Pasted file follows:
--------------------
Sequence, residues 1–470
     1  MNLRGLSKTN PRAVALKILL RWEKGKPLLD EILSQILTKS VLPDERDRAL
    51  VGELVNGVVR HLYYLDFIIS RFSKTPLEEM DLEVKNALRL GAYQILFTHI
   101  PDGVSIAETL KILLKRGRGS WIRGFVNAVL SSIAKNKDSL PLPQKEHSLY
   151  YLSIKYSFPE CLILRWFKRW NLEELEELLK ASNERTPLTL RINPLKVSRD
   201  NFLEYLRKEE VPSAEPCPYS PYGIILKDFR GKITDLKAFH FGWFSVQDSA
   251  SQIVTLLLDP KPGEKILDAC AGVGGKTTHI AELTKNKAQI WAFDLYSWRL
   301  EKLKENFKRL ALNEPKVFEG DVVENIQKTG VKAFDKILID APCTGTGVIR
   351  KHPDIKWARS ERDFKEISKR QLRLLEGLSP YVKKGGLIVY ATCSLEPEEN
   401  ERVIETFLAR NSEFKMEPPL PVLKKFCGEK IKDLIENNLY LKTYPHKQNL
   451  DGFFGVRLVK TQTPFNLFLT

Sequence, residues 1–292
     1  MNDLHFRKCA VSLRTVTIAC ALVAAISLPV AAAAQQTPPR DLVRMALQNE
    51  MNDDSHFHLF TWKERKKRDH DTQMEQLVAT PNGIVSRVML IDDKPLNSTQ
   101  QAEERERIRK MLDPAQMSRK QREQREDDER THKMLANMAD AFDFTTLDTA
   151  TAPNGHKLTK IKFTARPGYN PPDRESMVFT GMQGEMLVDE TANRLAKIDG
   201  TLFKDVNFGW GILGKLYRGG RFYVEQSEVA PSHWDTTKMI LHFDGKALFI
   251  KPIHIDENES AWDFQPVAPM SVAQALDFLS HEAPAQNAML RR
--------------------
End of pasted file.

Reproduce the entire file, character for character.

Sequence, residues 1–470
     1  MNLRGLSKTN PRAVALKILL RWEKGKPLLD EILSQILTKS VLPDERDRAL
    51  VGELVNGVVR HLYYLDFIIS RFSKTPLEEM DLEVKNALRL GAYQILFTHI
   101  PDGVSIAETL KILLKRGRGS WIRGFVNAVL SSIAKNKDSL PLPQKEHSLY
   151  YLSIKYSFPE CLILRWFKRW NLEELEELLK ASNERTPLTL RINPLKVSRD
   201  NFLEYLRKEE VPSAEPCPYS PYGIILKDFR GKITDLKAFH FGWFSVQDSA
   251  SQIVTLLLDP KPGEKILDAC AGVGGKTTHI AELTKNKAQI WAFDLYSWRL
   301  EKLKENFKRL ALNEPKVFEG DVVENIQKTG VKAFDKILID APCTGTGVIR
   351  KHPDIKWARS ERDFKEISKR QLRLLEGLSP YVKKGGLIVY ATCSLEPEEN
   401  ERVIETFLAR NSEFKMEPPL PVLKKFCGEK IKDLIENNLY LKTYPHKQNL
   451  DGFFGVRLVK TQTPFNLFLT

Sequence, residues 1–292
     1  MNDLHFRKCA VSLRTVTIAC ALVAAISLPV AAAAQQTPPR DLVRMALQNE
    51  MNDDSHFHLF TWKERKKRDH DTQMEQLVAT PNGIVSRVML IDDKPLNSTQ
   101  QAEERERIRK MLDPAQMSRK QREQREDDER THKMLANMAD AFDFTTLDTA
   151  TAPNGHKLTK IKFTARPGYN PPDRESMVFT GMQGEMLVDE TANRLAKIDG
   201  TLFKDVNFGW GILGKLYRGG RFYVEQSEVA PSHWDTTKMI LHFDGKALFI
   251  KPIHIDENES AWDFQPVAPM SVAQALDFLS HEAPAQNAML RR